In another embodiment of the present invention, an underwater camera is provided which includes a screen with a first acoustic side for deforming in response to a reflected acoustic wavefront from the target object and a second optical side that correspondingly deforms in response to the reflected acoustic wavefront. The camera further includes an optical processing system which converts the acoustic vibrations of the screen into an optical intensity image of the target object.
In another embodiment of the present invention, a method for imaging underwater objects is provided for a target object which is ensonified or “acoustically illuminated” with an acoustic wavefront. The acoustic wavefront reflects from the target object and deforms a first side of a screen with the second side of the screen deforming accordingly. The deformations on the second side are converted into an optical intensity image representative of the target object.
In the drawings, which illustrate what is currently considered to be the best mode for carrying out the invention:
A system, camera and method of imaging objects in a liquid environment, such as water, is illustrated with reference to FIG. 1. The various embodiments produce images by enabling direct optical imaging of the acoustic amplitude and phase of acoustic waves on a surface. Embodiments of the present invention enable full-field imaging and noncontacting ultrasonics for acoustical imaging in water or other liquids. Furthermore, embodiments of the present invention enable recording of acoustic motion on a plane at video frame rates by optical means similar to conventional optical cameras. Such an approach for imaging objects provides a high rate of measurement since an entire image may be recorded simultaneously. Furthermore, embodiments of the present invention do not present phasing of successive samples in a single image frame. Additionally, embodiments of the present invention utilize advancements in the field of video imaging for continued improvements to the acoustic, imaging as disclosed herein.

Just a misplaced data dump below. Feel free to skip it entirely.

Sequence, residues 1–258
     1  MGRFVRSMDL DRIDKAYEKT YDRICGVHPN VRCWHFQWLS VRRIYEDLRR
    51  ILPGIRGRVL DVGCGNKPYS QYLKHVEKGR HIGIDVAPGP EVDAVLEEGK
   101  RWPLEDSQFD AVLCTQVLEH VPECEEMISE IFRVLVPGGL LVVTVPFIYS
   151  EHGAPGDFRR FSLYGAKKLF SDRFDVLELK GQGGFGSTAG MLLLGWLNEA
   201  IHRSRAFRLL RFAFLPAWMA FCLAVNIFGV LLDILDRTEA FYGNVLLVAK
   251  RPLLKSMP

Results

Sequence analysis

The reflected wavefront 106, or 110 when an acoustic lens is present, impinges upon screen 12 and causes a corresponding deformation of the first or acoustic side 14 of screen 12. The acoustic imaging screen 12 serves to collect the reflected acoustic waves and converts the local acoustic pressure into a corresponding pattern of vibrations (e.g., deformations) on the screen. The deformation from the acoustic side 14 couples to the second or optical side 16 and exhibits a corresponding deformation. The screen 12 locally deforms from the local pressure gradients in the acoustic wave. The screen 12 is preferably compliant so as to minimally alter or influence the acoustic waves. That is screen 12, and alternative embodiments thereof, is preferably of a thickness much less than the wavelength of the acoustic waves being sensed or are of interest. For example, if the acoustic waves are about 1 mm long for a particular application, screen 12 ideally, but not necessarily, would be much less than about 1 mm in thickness. Furthermore, the optical side may be optimized for optical efficiency by making it retroreflective or by shaping it into a curve that may reflect the optical object beam more efficiently back to the optical imaging lens on the optical side.